“The greatest thing,” says someone, “a man can do for his Heavenly Father is to be kind to some of His other children.” I wonder why it is that we are not all kinder than we are? How much the world needs it. How easily it is done. How instantaneously it acts. How infallibly it is remembered. How superabundantly it pays itself back — for there is no debtor in the world so honorable, so superbly honorably, as Love. “Love never faileth.” Love is success, Love is happiness, Love is life. “Love I say,” with Browning, “is energy of Life.”

“For life, with all it yields of joy or woe
And hope and fear,
Is just our chance o’ the prize of learning love, —
How love might be, hath been indeed, and is.”

Where Love is, God is. He that dwelleth in Love dwelleth in God. God is Love. Therefore love. Without distinction, without calculation, without procrastination, love. Lavish it upon the poor, where it is very easy; especially upon the rich, who often need it most; most of all upon our equals, where it is very difficult, and for whom perhaps we each do least of all. There is a difference between trying to please and giving pleasure. Give pleasure. Lose no chance of giving pleasure. For that is the ceaseless and anonymous triumph of a truly loving spirit. “I shall pass through this world but once. Any good thing therefore that I can do, or any kindness that I can show to any human being, let me do it now. Let me not defer it or neglect it, for I shall not pass this way again.”

Generosity. “Love envieth not.” This is love in competition with others. Whenever you attempt a good work you will find other men doing the same kind of work, and probably doing it better. Envy them not. Envy is a feeling of ill-will to those who are in the same line as ourselves, a spirit of covetousness and detraction. How little Christian work even is a protection against un-Christian feeling. That most despicable of all the unworthy moods which cloud a Christian’s soul assuredly waits for us on the threshold of every work, unless we are fortified with this grace of magnanimity. Only one thing truly need the Christian envy — the large, rich, generous soul which “envieth not.”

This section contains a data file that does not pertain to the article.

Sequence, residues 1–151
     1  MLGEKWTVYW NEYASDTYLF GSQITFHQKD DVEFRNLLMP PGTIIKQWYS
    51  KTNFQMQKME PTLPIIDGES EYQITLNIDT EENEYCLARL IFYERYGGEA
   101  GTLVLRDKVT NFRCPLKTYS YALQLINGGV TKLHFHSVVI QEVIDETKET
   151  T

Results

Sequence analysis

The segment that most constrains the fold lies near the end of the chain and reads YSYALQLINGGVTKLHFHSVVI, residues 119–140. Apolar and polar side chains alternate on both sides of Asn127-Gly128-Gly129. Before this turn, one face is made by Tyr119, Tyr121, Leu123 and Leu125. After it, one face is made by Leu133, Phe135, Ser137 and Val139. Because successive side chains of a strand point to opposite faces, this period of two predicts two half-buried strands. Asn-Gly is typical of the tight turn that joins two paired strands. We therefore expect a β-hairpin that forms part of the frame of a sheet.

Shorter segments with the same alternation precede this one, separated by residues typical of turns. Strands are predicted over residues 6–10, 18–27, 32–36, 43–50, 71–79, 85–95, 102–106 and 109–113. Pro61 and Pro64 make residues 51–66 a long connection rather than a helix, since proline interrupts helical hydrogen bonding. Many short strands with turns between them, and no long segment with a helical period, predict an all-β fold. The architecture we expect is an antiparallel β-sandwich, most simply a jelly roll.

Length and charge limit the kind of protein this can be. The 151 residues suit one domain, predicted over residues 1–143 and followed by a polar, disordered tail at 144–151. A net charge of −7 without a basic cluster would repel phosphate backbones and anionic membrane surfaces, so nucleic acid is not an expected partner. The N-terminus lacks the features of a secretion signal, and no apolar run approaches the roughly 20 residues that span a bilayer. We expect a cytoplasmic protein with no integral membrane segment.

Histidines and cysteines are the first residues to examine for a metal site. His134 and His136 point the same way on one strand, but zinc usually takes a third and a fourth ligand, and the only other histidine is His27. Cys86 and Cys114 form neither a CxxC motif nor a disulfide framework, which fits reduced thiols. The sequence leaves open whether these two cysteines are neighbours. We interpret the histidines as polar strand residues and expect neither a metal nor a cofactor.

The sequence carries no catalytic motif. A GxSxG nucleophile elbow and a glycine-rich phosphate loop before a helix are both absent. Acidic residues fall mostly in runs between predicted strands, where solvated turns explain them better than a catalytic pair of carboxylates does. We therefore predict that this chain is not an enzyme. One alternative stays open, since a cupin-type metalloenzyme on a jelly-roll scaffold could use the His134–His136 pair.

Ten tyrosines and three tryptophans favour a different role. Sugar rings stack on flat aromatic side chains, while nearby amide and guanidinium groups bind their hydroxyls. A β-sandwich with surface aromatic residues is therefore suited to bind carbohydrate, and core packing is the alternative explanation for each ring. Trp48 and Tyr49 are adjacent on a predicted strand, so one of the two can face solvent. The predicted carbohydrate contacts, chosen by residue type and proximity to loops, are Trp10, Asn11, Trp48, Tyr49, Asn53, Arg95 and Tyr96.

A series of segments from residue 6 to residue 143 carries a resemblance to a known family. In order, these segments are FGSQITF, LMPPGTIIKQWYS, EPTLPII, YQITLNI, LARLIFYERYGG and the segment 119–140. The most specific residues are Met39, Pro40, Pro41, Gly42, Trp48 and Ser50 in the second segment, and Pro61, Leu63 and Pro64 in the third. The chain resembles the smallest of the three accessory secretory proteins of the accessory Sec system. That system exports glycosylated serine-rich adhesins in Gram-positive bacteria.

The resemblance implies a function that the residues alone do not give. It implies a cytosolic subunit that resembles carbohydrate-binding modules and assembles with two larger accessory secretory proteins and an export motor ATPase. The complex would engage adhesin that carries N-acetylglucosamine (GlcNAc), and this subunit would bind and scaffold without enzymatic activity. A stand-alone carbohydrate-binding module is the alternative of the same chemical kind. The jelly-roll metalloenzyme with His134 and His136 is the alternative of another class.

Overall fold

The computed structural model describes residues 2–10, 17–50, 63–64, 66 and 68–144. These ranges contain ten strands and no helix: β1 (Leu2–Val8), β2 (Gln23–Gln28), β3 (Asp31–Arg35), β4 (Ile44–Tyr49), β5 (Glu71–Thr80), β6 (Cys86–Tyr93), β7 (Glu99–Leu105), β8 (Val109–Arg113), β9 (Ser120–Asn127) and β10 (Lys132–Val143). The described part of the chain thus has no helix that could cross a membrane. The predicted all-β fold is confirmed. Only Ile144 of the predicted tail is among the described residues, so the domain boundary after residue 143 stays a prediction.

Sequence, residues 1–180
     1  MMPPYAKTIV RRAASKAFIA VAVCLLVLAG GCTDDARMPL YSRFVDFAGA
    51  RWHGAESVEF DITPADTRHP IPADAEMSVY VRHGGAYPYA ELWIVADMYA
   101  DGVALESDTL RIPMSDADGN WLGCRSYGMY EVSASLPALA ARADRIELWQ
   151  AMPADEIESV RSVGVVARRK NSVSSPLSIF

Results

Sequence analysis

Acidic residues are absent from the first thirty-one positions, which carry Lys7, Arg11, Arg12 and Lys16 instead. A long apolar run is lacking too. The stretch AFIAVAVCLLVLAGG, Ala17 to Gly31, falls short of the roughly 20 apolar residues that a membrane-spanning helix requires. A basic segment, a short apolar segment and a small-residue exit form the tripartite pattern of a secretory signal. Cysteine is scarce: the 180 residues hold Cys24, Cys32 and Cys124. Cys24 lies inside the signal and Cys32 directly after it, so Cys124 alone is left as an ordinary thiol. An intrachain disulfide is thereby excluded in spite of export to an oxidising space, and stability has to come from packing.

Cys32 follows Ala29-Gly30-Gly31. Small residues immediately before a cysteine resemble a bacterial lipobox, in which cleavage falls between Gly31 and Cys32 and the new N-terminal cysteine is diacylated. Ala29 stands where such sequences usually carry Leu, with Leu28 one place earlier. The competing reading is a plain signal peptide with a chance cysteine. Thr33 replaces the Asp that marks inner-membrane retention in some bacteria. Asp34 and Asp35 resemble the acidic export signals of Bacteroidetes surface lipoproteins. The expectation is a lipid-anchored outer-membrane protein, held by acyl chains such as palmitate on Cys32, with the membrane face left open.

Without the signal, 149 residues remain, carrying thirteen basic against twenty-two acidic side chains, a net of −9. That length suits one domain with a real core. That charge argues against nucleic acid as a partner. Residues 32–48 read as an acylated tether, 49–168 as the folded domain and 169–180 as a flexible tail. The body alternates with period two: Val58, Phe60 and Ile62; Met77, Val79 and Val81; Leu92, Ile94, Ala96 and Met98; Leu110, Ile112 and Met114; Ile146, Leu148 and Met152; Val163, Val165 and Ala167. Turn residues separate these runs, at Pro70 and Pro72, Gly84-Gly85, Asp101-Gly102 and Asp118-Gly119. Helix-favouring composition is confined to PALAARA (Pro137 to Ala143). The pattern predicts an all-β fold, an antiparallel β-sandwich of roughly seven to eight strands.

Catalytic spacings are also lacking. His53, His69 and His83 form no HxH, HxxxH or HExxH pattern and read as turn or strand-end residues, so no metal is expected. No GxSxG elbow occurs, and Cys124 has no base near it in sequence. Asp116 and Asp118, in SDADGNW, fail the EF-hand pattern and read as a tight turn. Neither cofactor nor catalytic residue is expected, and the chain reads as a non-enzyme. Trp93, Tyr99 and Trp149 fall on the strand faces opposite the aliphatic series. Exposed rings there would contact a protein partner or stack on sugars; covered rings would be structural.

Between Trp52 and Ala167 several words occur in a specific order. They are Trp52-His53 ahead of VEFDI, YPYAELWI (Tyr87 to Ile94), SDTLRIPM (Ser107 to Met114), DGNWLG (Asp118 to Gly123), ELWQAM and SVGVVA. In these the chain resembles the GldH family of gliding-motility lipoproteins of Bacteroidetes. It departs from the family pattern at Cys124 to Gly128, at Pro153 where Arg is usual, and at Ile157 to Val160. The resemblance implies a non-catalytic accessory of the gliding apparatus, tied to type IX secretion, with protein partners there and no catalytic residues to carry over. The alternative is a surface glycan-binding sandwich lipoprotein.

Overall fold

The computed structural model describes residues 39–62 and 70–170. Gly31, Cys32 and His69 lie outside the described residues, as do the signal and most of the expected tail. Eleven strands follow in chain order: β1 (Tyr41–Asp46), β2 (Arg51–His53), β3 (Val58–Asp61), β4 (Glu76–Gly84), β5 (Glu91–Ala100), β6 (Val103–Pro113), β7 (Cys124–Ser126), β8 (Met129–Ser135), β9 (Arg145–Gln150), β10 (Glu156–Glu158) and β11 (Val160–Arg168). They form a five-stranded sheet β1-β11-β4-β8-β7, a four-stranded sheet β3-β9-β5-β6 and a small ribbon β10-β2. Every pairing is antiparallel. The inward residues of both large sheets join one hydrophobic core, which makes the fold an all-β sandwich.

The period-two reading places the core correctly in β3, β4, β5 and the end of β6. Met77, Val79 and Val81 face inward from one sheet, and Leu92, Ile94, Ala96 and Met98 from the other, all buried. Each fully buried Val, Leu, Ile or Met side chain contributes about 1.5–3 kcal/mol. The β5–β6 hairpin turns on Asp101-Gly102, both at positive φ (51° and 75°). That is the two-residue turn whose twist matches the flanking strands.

And then, after having learned all that, you have to learn this further thing, Humility — to put a seal upon your lips and forget what you have done. After you have been kind, after Love has stolen forth into the world and done its beautiful work, go back into the shade again and say nothing about it. Love hides even from itself. Love waives even self-satisfaction. “Love vaunteth not itself, is not puffed up.”

The fifth ingredient is a somewhat strange one to find in this summum bonum: Courtesy. This is Love in society, Love in relation to etiquette. “Love does not behave itself unseemly.” Politeness has been defined as love in trifles. Courtesy is said to be love in little things. And the one secret of politeness is to love. Love cannot behave itself unseemly. You can put the most untutored persons into the highest society, and if they have a reservoir of Love in their heart they will not behave themselves unseemly. They simply cannot do it. Carlisle said of Robert Burns that there was no truer gentleman in Europe than the ploughman-poet. It was because he loved everything — the mouse, and the daisy, and all the things, great and small, that God had made. So with this simple passport he could mingle with any society, and enter courts and palaces from his little cottage on the banks of the Ayr. You know the meaning of the word “gentleman.” It means a gentle man — a man who does things gently with love. And that is the whole art and mystery of it. The gentle man cannot in the nature of things do an ungentle, an ungentlemanly thing. The ungentle soul, the inconsiderate, unsympathetic nature, cannot do anything else. “Love doth not behave itself unseemly.”